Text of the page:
Let us leave aside what most U.S. citizens believe and focus instead on what most of Trump’s own supporters believe! A recent Climate Change in the American Mind survey of the latter revealed shocking statistics:


By 49% to 30%, far more believe we are experiencing global warming.


By 47% to 28%, they feel the USA should participate in the international   agreement to combat climate change.


62% support regulation or taxation of carbon fuels linked to global warming, while         only 21% opposed either or both measures.


Perhaps most surprisingly, more than 70% expressed strong interest in    renewable energy (e.g., solar, wind, etc.).


Nevertheless, the die is cast. Trump and his cronies will “drill, baby, drill,” cram the Dakota Access Pipeline through Native American lands, ignore science, and encourage policies that have been linked to climate change.


Let us look at health care. 58% of Americans surveyed favored the single-payer (i.e., federally funded) system (source: Gallop Poll, 16 May 2016). By 58% to 37%, they also favored reproductive choice – absolutely anathema to the hard-core Republicans (source: Pew Research Center, 26 January 2017). And 61% felt that the wealthy (especially those “one-percenters”) were paying too little in taxes – again, absolutely contrary to the Trump/GOP agenda (source: Gallop Poll, 15 April 2016).


Congress will dismantle the Affordable Care Act, which already fell far below the single-payer ideal favored by the majority of the people they allegedly “represent.” Instead, our elected leaders will put in some sort of system that will make health insurance even less affordable than it is. The judges Trump appoints will all oppose abortion rights. And Congress is already poised to enact legislation that will cut taxes on the wealthy and eliminate the estate tax altogether. What sort of “representation” is this?


Here’s another interesting question. Why is it that the USA has never had a referendum initiative at the national level?


We have seen many governments fall – e.g., in France, Italy, and the United Kingdom – when the prime minister backed a referendum position that failed. On 23 June 2016, voters in the United Kingdom elected to leave the European Union, and Prime Minister David Cameron, who had opposed the “Brexit,” promptly announced his resignation.


Wouldn’t it be wonderful to see a referendum initiative in the United States of America – one that might result in toppling an administration? Alas, that is impossible, because of our system of government.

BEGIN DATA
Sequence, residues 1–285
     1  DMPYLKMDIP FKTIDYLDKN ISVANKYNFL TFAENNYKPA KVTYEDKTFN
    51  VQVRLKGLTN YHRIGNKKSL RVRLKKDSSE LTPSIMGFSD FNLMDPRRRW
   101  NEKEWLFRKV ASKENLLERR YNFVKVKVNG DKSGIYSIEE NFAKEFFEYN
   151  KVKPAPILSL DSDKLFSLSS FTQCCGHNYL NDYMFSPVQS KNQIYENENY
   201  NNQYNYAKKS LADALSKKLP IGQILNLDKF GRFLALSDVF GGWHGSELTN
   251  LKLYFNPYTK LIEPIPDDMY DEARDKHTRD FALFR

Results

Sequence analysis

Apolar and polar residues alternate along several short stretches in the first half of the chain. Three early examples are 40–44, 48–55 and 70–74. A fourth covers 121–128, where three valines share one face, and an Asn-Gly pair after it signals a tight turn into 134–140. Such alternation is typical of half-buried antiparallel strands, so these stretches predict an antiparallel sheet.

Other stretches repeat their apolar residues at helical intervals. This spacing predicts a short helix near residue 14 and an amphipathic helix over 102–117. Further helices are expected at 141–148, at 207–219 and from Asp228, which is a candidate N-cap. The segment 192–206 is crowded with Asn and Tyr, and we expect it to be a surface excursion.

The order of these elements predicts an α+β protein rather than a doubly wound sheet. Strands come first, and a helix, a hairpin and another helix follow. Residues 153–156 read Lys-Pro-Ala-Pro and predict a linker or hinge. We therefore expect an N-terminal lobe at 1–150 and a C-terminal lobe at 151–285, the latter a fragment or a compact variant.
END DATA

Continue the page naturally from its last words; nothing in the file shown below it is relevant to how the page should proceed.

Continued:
Here is another consideration. Margaret Thatcher served as Prime Minister of the United Kingdom from 1979 until 1990. She was never defeated by a Labor candidate at the polls, but was removed by a vote from within her own party, even though she actually topped challenger Michael Heseltine by 204 votes to 152 (with 16 abstentions). Under the rules of the Conservative Party, she needed to win by 15%. Thatcher got 13.9% more votes and might have campaigned into a second ballot and beyond, but she decided to resign. Thus, effectively, the parliamentarian system enabled the candidate’s own party to remove the person at the top of the ticket.


Let us go back to early 2008. With the imminent financial crisis (signs of which were already apparent in 2007), suppose the Republican Party had voted to remove George W. Bush and Dick Cheney, and in their stead named the very popular Condoleezza Rice as president! This would have stolen the thunder from the Democrats completely. While a woman and a black man would contest the Democratic primaries that year, the Republicans would already have placed a black woman in the White House. She might well have been re-elected that November – and at the very least, she would have fared far better than the hapless ticket of John McCain and Sarah Palin.


Ah, “but the Founding Fathers said . . .” And herein lies perhaps the biggest problem faced by the American people politically. They are “married” to a document that simply doesn’t work! In fairness, the Founding Fathers – those “sainted” and “enlightened” white men who believed in slavery and did not believe women had the right to vote – were intelligent enough to see the inherent dangers within the document they had contrived. That is why our first president, George Washington, warned against “factions” (i.e., parties). Our third president, Thomas Jefferson, opined that any constitution needed to be re-written from scratch every nineteen years. James Madison, our fourth president (whom most regard as “father of the Constitution”), conceded that “factions” were probably inevitable, but expressed grave doubt that the document to which he had contributed so much could possibly withstand the advent of formal political parties. The list goes on.